Designing to care of the messes
A good read in the ACM Ubiquity: What if the experts are wrong by Denise Caruso. It's about how societies prepare themselves to be wrong when creating innovations that can have have important consequences on the world. Some excerpts:
"long-term stewardship" of man-made hazards; that is, how a society prepares to take care of the messes it has made that it can't get rid of, generations into the future. (...) To think that other people might suffer as a result of their actions is not part of the expert's world, or it gets pushed away in the drive to deploy the technology," said La Porte. "But what are the consequences if it turns out that all the things they believed in are wrong? That's really hard. And most technical people can't talk about this. What they do is theology to them, not science.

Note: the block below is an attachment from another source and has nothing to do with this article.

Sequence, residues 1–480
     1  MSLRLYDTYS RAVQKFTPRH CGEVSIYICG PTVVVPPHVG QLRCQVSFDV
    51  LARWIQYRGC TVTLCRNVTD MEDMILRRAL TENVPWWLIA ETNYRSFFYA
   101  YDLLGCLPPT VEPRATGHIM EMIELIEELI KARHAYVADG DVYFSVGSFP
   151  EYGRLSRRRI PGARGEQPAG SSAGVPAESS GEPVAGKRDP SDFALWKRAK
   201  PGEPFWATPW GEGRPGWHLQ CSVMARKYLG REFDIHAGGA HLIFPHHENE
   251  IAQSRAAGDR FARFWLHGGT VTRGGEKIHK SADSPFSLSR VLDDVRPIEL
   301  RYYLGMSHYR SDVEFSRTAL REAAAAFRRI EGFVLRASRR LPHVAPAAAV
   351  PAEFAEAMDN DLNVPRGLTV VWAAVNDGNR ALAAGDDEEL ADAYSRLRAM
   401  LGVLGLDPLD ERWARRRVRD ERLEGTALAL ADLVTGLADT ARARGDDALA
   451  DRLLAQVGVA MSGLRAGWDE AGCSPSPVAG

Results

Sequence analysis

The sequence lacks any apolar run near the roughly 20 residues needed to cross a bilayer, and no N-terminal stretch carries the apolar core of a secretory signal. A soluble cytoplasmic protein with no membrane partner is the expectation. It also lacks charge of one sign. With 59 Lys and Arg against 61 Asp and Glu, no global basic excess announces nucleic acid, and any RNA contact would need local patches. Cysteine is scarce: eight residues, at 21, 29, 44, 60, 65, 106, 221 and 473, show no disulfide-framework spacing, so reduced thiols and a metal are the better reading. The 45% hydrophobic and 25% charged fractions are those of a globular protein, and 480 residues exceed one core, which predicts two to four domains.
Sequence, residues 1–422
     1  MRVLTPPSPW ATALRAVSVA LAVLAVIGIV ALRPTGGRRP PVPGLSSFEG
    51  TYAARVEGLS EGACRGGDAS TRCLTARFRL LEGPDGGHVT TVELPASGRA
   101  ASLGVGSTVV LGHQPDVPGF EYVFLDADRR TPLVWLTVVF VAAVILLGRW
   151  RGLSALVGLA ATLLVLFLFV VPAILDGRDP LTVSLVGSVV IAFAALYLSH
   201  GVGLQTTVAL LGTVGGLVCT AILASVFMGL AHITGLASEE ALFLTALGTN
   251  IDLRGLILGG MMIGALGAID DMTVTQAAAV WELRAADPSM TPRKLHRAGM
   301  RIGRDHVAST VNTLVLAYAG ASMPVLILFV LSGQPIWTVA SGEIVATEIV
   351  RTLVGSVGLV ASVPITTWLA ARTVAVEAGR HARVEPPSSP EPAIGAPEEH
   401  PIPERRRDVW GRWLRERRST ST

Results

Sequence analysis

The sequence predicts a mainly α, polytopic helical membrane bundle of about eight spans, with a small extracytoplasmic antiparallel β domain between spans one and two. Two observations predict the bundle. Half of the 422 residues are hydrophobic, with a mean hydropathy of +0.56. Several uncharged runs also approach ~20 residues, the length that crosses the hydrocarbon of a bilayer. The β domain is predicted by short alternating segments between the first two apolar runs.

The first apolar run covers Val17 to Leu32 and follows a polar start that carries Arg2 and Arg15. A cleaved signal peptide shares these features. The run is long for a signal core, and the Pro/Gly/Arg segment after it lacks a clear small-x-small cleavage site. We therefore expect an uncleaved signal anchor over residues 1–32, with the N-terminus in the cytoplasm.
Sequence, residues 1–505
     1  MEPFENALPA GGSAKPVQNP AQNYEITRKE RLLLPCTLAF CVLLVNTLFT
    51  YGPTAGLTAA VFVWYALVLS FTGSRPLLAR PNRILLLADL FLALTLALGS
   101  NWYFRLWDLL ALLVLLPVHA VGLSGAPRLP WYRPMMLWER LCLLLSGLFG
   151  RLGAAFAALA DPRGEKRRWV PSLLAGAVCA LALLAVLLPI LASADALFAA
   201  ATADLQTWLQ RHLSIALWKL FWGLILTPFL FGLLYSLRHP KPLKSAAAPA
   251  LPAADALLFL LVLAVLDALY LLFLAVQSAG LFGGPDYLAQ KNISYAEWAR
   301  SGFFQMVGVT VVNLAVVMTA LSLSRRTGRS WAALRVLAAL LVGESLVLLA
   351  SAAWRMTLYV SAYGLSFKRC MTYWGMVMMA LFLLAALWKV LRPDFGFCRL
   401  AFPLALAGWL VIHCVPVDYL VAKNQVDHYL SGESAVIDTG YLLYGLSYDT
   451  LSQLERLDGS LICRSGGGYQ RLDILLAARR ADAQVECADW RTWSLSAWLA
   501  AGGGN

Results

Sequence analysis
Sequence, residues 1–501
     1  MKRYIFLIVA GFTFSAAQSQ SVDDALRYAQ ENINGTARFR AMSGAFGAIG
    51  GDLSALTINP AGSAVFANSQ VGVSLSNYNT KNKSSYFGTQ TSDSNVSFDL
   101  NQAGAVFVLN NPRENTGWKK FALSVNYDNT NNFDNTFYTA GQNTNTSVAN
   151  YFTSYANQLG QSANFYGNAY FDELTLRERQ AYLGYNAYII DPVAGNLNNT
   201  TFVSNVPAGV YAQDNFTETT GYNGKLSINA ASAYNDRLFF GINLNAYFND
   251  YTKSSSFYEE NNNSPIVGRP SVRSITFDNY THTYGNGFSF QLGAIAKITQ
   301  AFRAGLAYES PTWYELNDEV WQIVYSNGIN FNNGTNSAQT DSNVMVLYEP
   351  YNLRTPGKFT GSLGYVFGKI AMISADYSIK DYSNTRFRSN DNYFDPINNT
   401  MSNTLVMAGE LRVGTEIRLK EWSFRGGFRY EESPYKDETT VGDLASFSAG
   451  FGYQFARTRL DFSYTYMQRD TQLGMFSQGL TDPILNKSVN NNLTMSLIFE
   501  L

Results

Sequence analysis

Why do I blog this? even though this article addresses tech such as nuclear power and DNA manipulation, the author has a good point about designing new elements/artifacts (given the messiness of the world). And it leads to two questions: is it about designing to avoid future messes or designing in a way that this inherent mess could be taken care of?.
(the picture is a shot I've taken last week end: remnants from a restaurant that is refurbished)